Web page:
Harold Gittins was born in Manchester in 1895, the son of a Post Office worker. He became apprenticed to a Manchester process engraver, but in the First World War served in the Manchester Regiment, before joining the South Lancashire Regiment as a Second Lieutenant, then transferring to the Royal Flying Corps.
Gittins went to France in July 1916, where he was said to have survived being shot down by Manfred von Richthofen, although he does not appear in his official list of victories. Gittins subsequently attended Richthofen’s funeral in France in April 1918.
After the war Gittins became a cartoonist with the London Evening News, drawing sports cartoons in the style of Tom Webster. During the Second World War he drew pocket cartoons for the paper, and also worked for the magazine Blighty.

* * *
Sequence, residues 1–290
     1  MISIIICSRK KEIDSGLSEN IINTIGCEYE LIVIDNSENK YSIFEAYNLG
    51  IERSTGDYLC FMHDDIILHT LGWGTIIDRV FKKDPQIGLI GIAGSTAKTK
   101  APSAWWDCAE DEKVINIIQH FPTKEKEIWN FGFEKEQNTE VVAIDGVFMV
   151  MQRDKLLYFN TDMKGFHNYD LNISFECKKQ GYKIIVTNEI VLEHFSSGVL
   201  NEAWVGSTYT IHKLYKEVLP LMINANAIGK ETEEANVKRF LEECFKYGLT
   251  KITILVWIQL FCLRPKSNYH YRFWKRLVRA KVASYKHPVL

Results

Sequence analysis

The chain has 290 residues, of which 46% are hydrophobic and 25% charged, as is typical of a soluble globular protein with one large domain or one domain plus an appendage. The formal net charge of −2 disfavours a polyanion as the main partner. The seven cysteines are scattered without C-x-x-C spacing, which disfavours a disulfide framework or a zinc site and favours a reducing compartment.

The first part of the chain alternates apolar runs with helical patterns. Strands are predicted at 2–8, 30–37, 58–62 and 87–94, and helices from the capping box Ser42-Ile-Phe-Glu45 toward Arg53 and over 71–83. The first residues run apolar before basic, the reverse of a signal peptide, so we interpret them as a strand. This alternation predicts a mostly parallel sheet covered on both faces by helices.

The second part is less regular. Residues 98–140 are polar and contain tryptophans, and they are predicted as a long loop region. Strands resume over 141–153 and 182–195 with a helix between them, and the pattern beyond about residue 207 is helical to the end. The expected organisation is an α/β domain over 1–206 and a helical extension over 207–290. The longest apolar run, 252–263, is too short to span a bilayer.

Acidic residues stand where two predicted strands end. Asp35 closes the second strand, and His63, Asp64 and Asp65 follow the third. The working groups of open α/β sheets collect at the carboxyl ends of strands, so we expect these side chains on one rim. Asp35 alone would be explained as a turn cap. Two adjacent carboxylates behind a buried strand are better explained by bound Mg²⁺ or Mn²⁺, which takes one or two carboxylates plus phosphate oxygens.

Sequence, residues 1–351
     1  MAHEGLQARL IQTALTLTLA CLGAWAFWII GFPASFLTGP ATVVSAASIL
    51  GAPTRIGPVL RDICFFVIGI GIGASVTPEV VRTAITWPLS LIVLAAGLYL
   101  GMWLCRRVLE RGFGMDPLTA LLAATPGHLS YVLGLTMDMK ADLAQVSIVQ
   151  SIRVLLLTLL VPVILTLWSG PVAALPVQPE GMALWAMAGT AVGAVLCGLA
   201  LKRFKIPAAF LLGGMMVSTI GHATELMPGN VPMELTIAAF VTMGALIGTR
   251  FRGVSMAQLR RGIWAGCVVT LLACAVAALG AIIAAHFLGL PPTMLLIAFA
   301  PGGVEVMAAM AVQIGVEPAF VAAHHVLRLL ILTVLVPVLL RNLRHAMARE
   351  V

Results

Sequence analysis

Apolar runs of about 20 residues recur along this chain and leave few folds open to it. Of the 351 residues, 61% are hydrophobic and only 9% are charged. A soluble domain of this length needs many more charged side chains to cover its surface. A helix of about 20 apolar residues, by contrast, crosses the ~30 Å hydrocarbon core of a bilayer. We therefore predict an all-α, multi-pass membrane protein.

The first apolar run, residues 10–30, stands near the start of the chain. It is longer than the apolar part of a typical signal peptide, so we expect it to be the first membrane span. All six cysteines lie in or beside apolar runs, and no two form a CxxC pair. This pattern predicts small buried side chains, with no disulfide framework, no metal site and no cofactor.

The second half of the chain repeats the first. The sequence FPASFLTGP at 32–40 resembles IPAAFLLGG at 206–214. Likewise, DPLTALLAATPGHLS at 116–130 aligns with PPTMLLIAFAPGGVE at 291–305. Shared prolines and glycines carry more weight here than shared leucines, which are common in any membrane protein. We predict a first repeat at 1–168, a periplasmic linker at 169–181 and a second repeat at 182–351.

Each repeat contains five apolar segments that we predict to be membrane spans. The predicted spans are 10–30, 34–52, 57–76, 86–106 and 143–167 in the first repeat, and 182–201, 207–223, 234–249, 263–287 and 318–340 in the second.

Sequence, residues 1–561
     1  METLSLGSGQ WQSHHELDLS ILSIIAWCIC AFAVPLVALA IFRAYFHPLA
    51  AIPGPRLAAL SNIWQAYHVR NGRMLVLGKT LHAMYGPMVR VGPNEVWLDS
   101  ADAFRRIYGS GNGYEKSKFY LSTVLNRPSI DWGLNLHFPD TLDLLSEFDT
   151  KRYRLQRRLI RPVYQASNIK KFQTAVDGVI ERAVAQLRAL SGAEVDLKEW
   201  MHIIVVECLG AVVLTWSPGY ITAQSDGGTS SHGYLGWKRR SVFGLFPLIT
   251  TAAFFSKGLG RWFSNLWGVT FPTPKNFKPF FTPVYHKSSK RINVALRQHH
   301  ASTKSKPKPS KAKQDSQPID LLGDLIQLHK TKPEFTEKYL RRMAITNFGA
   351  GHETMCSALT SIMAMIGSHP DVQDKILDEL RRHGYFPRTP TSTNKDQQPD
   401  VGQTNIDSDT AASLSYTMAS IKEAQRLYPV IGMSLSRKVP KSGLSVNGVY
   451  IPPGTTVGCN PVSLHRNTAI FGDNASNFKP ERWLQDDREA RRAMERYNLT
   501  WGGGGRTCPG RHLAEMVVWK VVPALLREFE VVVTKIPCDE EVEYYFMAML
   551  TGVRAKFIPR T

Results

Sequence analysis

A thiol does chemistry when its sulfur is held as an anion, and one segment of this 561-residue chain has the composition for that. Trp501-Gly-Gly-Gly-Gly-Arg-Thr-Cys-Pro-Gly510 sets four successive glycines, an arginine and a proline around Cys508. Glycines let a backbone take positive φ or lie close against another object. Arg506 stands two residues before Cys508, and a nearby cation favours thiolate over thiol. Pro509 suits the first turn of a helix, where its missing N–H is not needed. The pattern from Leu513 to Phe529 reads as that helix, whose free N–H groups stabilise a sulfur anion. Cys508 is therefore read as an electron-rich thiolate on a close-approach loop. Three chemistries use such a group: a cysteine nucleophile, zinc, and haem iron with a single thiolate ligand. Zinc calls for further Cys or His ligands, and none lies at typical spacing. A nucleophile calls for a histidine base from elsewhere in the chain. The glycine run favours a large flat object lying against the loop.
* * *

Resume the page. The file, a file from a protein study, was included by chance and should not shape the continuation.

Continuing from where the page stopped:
Harold Gittins died in Willesden, London, in 1959.
- Mark Bryant Dictionary of Twentieth-Century British Cartoonists and Caricaturists
3 uncatalogued originals [HG0001 - 0003]
1 catalogued original TW3966
Undated (fl. 1930s - 50s)back to top